Robert Wayne, a Merced resident for six decades, is remembered for many things, particularly his willingness to help other people and advance worthy causes in the community.
Wayne, 86, died Monday after a lengthy illness. Memorial services will be at 2 p.m. today at Central Presbyterian Church in Merced for Wayne, the co-founder of Merced School Employees Federal Credit Union.
Wayne and the late Bill DeSimone formed the teachers' credit union in 1954 with seven members who each chipped in $5, said Nancy Deavours, the credit union's current chief executive officer who started there 32 years ago. In the early days as a volunteer officer, Wayne kept members' records in a shoebox at his home. In 1957, he left his teaching job at Hoover Middle School and became the credit union's full-time manager.
"He was a very good friend and an outstanding, very capable person," longtime friend Florence DeSimone said. "He was very thoughtful and helped other people. He did a lot to help young people apply for scholarships."
Wayne's longtime friend, Bill Winnie, said Wayne was truly a loyal individual, a man of great convictions and very thoughtful. He quietly evangelized others, leaving Christian tracts for waitresses and also was known for assembling cartoons and jokes which he shared with people who were hospitalized, Winnie said. They met in 1959 when the Early Risers Toastmasters Club was formed.
A former president of the Merced Symphony Association, Wayne was a native of Knoxville, Pa. who attended Washington and Jefferson College in Pennsylvania, receiving his degree in history and economics. He received a master's degree from the University of Pittsburgh and came to Merced in 1949 to teach. He had been an eighth-grade core teacher and part-time vice principal at Hoover School before switching career gears.
Deavours succeeded Wayne as credit union leader in 1993 and said he developed a personal rapport with all his employees.
Now the credit union has 85 employees, $370 million in assets, four branches and 36,000 members.
"He was remarkable, dedicated to the credit union and credit union philosophy of people helping people," Deavours said. "He was a firm believer in great member service and allowed employees to reach their full potential. He had a lot of character and great judgment."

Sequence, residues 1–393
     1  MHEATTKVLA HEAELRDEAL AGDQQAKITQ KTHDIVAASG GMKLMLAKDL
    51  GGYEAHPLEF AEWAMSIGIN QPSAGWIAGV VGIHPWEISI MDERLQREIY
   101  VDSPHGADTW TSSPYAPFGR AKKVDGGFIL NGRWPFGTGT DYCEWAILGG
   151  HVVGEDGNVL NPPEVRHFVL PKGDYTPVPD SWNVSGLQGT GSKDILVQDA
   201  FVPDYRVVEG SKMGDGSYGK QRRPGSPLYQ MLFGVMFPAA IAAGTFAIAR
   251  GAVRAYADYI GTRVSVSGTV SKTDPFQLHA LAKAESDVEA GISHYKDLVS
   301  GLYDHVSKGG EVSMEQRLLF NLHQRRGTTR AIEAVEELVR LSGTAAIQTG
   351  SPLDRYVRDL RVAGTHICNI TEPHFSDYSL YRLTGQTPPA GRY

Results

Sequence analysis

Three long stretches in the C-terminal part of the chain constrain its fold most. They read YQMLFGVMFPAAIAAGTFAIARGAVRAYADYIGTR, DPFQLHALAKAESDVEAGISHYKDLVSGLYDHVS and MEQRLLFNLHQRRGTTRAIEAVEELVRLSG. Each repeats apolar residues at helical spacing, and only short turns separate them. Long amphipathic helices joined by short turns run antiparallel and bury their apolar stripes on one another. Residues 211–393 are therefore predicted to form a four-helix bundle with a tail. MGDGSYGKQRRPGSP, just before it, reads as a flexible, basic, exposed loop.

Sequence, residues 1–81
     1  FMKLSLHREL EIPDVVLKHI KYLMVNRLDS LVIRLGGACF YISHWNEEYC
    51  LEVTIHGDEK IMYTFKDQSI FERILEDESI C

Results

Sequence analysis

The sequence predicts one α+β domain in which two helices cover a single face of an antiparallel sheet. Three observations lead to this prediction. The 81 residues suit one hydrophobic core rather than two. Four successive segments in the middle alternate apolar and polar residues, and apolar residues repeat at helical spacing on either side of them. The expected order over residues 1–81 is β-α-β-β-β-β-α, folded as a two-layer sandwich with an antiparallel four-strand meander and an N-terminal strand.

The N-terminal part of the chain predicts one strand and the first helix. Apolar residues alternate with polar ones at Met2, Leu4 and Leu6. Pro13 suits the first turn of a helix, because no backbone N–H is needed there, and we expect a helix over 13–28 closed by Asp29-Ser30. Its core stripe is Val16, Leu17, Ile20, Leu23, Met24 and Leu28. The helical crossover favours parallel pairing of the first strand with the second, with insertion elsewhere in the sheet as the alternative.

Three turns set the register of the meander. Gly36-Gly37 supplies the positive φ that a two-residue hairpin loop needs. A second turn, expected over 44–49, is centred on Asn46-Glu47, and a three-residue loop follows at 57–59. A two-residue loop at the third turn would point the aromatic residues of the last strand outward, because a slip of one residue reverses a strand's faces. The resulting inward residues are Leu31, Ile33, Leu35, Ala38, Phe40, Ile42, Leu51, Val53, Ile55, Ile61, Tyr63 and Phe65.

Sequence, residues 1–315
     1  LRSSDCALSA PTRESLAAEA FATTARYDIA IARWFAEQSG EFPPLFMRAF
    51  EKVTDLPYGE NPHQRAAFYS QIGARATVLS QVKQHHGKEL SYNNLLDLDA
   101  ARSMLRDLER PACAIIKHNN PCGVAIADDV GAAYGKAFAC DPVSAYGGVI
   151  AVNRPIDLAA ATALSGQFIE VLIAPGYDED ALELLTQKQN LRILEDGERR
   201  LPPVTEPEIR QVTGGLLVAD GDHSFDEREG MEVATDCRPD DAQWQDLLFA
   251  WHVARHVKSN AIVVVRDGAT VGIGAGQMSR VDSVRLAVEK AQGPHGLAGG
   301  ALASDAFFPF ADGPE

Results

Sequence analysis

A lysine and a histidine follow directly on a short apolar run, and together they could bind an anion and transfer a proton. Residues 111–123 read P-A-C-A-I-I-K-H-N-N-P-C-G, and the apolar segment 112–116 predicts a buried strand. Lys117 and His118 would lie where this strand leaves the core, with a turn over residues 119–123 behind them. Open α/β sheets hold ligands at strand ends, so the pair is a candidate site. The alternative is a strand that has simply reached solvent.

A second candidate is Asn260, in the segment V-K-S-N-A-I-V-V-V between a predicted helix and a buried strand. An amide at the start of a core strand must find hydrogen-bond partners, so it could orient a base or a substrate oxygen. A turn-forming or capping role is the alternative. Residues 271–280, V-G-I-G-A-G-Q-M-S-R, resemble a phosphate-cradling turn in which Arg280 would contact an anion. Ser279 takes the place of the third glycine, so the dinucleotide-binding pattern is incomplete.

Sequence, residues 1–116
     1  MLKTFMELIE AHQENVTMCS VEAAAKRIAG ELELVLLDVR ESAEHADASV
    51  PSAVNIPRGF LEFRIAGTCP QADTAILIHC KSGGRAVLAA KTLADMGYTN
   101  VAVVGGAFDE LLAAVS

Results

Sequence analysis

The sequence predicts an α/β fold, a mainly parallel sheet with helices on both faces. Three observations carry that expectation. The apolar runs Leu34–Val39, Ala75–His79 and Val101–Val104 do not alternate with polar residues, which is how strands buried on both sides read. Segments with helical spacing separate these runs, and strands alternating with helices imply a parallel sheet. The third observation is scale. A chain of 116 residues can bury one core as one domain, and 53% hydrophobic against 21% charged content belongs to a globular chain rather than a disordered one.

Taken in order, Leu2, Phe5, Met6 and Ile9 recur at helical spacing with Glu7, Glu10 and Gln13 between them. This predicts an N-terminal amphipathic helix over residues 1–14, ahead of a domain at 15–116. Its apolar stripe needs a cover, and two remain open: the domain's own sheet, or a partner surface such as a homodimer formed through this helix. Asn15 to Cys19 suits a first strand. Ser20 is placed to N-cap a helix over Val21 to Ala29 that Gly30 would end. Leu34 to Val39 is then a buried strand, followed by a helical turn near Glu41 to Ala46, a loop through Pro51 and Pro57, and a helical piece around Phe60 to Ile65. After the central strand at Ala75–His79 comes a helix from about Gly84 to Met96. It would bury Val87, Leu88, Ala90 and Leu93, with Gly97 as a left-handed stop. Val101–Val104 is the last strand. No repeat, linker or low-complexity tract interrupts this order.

In the late 1980s, Wayne took five of the original seven "investors" to lunch and gave them back their $5, she said. The credit union's annual meeting in March will be dedicated to Wayne and a training room at the North Merced headquarters on Olivewood Drive is named in his honor.
Wayne hired Dana Sanders, the credit union's marketing manager, as a part-time teller 31 years ago.
"Mr. Wayne was really good in making sure credit union employees received education," Sanders said. "He was really involved in the community and encouraged the staff to be, too. He had an open door policy and got to know his staff."
Laurice Cuculich was a longtime friend of Wayne's and served on the credit union's loan committee. She said her friend had a great sense of humor and a strong sense of morality.
"He was just a fine person," Cuculich said. "He and Caryl (his wife) were such a positive element in the community. The whole community benefited from them even if they didn't know it."
Deavours said Wayne was a director in the California Credit Union League and active in credit union activities at the local level. He had been involved in the academic decathlon and kept financial records for the Virginia and Cyril Smith scholarships.
"He looked for the good in people and he went to bat for people and the staff," Deavours said.
Wayne served in the U.S. Army in Europe during World War II. He is survived by Caryl, his wife of 51 years; two daughters, Greta Heiss of Modesto and Renata Farley of Tennessee, and seven grandchildren.
Contributions to the Central Presbyterian Church Deacon's Fund or the church building fund, or the Alzheimer's Society of Mayasthenia Gravis Foundation.